The Harker journalism department received a special visit in early December from Nick Ferentinos, former journalism advisor at Homestead High School, whose student newspaper, “The Epitaph,” was among the first school newspapers to be censored under the Hazelwood v. Kuhlmeier Supreme Court ruling of 1988. The ruling limited the speech of student newspapers that were not designated as forums for student expression.
Ferentinos recounted that mere hours after the ruling was handed down, the principal at Homestead demanded the withholding of an “Epitaph” story about a student at the school who had been diagnosed HIV-positive. Because the paper was school-sponsored, the staff at first felt compelled to comply with the principal’s request. However, California Education Code 48907 acted as a counter to the Hazelwood ruling, protecting student speech and allowing the story to run.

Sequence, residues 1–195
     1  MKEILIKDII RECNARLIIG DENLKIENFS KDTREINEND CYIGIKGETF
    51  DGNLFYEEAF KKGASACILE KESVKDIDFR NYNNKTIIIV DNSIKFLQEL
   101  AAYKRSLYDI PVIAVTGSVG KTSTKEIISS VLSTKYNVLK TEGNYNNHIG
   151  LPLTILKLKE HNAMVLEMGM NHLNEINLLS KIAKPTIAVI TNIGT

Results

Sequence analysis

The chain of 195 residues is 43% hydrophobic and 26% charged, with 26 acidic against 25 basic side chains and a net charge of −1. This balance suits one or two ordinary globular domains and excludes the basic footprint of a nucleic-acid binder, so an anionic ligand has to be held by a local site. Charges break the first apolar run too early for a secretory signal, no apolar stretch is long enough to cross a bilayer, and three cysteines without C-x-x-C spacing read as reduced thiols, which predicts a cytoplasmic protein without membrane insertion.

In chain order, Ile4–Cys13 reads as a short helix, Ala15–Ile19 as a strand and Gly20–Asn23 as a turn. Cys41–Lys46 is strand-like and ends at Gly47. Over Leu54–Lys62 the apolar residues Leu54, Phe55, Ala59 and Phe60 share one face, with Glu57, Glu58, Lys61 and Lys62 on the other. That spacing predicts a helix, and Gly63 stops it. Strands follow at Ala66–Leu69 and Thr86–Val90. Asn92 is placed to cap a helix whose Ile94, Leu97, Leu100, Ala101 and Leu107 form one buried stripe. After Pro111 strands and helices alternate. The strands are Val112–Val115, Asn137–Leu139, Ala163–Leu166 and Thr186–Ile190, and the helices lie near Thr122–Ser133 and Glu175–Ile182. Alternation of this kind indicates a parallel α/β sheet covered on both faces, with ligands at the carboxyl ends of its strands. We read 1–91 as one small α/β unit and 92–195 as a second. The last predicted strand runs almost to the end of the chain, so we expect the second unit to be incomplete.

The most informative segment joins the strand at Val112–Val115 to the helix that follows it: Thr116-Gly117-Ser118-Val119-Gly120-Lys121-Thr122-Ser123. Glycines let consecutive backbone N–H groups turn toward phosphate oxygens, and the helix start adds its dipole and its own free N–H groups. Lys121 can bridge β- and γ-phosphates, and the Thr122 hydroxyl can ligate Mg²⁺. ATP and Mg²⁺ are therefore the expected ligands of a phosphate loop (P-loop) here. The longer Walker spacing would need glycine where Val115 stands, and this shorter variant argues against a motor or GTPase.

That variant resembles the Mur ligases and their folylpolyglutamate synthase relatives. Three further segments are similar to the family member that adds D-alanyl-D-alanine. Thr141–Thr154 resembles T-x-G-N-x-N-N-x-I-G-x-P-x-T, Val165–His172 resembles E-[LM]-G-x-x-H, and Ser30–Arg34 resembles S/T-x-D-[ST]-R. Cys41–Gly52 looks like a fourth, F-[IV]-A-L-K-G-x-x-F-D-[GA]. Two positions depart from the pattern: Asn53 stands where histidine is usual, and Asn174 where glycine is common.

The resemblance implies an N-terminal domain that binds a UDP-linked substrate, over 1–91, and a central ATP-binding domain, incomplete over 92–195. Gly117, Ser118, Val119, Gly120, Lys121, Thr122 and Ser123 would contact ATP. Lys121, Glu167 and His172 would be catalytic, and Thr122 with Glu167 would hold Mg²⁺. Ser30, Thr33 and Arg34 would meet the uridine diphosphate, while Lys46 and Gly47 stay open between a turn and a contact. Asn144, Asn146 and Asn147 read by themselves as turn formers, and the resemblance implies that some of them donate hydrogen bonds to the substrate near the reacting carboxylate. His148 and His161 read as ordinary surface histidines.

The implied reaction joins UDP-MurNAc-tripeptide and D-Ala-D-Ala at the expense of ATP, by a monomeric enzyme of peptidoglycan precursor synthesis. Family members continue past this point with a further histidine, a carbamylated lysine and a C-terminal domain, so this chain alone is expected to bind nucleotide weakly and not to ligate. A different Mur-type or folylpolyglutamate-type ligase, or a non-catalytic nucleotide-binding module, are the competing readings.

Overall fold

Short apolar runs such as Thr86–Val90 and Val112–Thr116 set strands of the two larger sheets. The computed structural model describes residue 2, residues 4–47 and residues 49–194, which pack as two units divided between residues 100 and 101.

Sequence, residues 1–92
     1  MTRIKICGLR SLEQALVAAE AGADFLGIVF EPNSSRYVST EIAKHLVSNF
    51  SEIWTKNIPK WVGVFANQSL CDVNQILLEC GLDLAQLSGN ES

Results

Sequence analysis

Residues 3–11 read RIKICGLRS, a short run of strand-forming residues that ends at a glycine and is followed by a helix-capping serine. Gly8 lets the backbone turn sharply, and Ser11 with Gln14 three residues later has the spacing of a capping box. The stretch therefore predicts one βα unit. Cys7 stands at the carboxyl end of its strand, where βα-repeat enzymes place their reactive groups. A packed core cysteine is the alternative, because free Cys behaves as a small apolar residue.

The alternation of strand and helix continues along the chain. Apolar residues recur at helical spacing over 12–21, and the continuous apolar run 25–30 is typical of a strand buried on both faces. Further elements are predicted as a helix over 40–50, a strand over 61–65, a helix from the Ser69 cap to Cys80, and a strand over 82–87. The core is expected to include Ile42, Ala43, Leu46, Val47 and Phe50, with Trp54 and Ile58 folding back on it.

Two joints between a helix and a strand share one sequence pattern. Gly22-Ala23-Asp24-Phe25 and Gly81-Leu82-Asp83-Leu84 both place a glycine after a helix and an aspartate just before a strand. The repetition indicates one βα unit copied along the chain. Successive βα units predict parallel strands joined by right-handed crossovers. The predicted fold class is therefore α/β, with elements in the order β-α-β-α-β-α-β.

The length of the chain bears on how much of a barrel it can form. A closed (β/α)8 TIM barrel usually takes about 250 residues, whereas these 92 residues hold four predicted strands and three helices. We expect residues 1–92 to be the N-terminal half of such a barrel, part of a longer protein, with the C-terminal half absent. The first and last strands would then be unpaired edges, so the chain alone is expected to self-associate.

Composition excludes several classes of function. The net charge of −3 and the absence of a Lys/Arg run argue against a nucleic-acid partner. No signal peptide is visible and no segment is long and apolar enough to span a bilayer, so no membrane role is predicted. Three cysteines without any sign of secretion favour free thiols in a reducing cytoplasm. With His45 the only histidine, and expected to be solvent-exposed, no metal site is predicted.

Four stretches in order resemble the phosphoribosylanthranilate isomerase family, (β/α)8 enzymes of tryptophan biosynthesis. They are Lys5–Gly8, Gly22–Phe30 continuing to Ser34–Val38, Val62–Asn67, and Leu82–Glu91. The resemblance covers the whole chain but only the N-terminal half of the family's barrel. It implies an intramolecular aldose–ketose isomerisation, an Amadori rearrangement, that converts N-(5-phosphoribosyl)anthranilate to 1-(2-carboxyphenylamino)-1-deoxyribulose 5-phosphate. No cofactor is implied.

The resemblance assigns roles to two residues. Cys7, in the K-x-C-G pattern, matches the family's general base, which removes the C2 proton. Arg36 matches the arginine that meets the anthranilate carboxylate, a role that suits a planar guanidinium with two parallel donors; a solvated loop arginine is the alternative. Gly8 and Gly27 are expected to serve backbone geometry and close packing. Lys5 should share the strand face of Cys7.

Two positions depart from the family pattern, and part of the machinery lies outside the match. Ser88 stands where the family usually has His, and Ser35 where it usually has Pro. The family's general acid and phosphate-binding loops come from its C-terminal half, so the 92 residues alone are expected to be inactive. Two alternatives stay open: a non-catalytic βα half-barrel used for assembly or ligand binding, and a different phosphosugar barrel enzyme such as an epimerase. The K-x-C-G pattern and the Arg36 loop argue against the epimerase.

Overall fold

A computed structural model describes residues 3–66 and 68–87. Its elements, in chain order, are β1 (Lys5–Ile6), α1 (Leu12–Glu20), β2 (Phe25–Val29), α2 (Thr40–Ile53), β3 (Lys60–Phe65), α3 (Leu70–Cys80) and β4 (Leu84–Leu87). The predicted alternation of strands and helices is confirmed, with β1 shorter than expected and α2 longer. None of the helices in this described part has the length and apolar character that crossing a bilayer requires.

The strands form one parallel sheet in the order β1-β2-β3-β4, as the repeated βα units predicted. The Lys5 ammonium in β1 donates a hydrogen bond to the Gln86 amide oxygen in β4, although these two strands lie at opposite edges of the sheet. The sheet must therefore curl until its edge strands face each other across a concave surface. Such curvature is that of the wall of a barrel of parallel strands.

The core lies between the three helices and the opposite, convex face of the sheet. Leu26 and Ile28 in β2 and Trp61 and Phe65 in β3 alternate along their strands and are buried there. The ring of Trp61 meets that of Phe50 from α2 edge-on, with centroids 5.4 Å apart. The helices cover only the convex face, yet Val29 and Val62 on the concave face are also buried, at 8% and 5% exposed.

“What was really heartwarming about Ferentinos’ narrative was that he really emphasized how the publication staff stuck together to get through the ordeal, and the entire case was an issue of the publication’s integrity and not just that of the student’s,” said “Winged Post” staffer Juhi Gupta, grade 11.
“They stood by the accuracy and importance of their story and the integrity of the author. I think our whole class really appreciated the reminder that we have rights, as Mr. Ferentinos said, but also a responsibility to ‘be stubborn,’ said junior Apoorva Rangan, who also works on the “Winged Post.”
For Gupta, Ferentino’s story provided a valuable lesson about complacency and vigilance among young journalists: “I learned from his experience that student journalists should never get too comfortable and assume that backlash from administration will never happen, because as shown by the Homestead case, it could be provoked by anything.”
“I think bringing in these individuals who have had these life experiences that we may not have had reminds us that journalism isn’t really taught by books as much as it’s taught by people,” Rangan added.